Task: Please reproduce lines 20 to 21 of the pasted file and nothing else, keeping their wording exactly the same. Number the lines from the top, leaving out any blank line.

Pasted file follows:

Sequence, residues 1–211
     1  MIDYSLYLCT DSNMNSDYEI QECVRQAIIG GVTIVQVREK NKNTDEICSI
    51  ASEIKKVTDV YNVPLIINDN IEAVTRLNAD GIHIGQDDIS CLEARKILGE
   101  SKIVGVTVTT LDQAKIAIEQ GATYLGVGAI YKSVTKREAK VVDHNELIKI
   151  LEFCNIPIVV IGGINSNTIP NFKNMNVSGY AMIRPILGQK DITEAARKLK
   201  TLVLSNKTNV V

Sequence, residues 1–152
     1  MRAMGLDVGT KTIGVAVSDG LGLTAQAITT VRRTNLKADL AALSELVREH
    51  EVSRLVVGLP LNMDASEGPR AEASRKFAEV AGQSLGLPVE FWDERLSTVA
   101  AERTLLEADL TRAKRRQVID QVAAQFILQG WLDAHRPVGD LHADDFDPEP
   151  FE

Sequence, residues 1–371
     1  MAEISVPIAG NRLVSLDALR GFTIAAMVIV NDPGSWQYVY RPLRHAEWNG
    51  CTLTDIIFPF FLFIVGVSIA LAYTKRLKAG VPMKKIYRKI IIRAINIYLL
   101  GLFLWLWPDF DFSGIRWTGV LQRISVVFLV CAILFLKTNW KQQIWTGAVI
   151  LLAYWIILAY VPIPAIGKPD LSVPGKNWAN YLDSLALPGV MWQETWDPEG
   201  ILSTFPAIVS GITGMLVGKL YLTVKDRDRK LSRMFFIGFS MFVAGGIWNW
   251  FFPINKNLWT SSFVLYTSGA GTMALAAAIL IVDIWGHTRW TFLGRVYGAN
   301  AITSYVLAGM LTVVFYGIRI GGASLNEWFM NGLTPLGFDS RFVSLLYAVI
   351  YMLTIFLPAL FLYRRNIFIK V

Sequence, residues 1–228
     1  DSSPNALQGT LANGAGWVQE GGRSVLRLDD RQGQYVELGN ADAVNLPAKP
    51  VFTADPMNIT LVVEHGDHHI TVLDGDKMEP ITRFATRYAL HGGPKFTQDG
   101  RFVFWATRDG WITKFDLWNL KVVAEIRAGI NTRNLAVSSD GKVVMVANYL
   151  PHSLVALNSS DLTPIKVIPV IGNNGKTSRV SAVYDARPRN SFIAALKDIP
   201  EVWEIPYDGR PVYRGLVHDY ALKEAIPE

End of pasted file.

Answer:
   351  YMLTIFLPAL FLYRRNIFIK V

Sequence, residues 1–228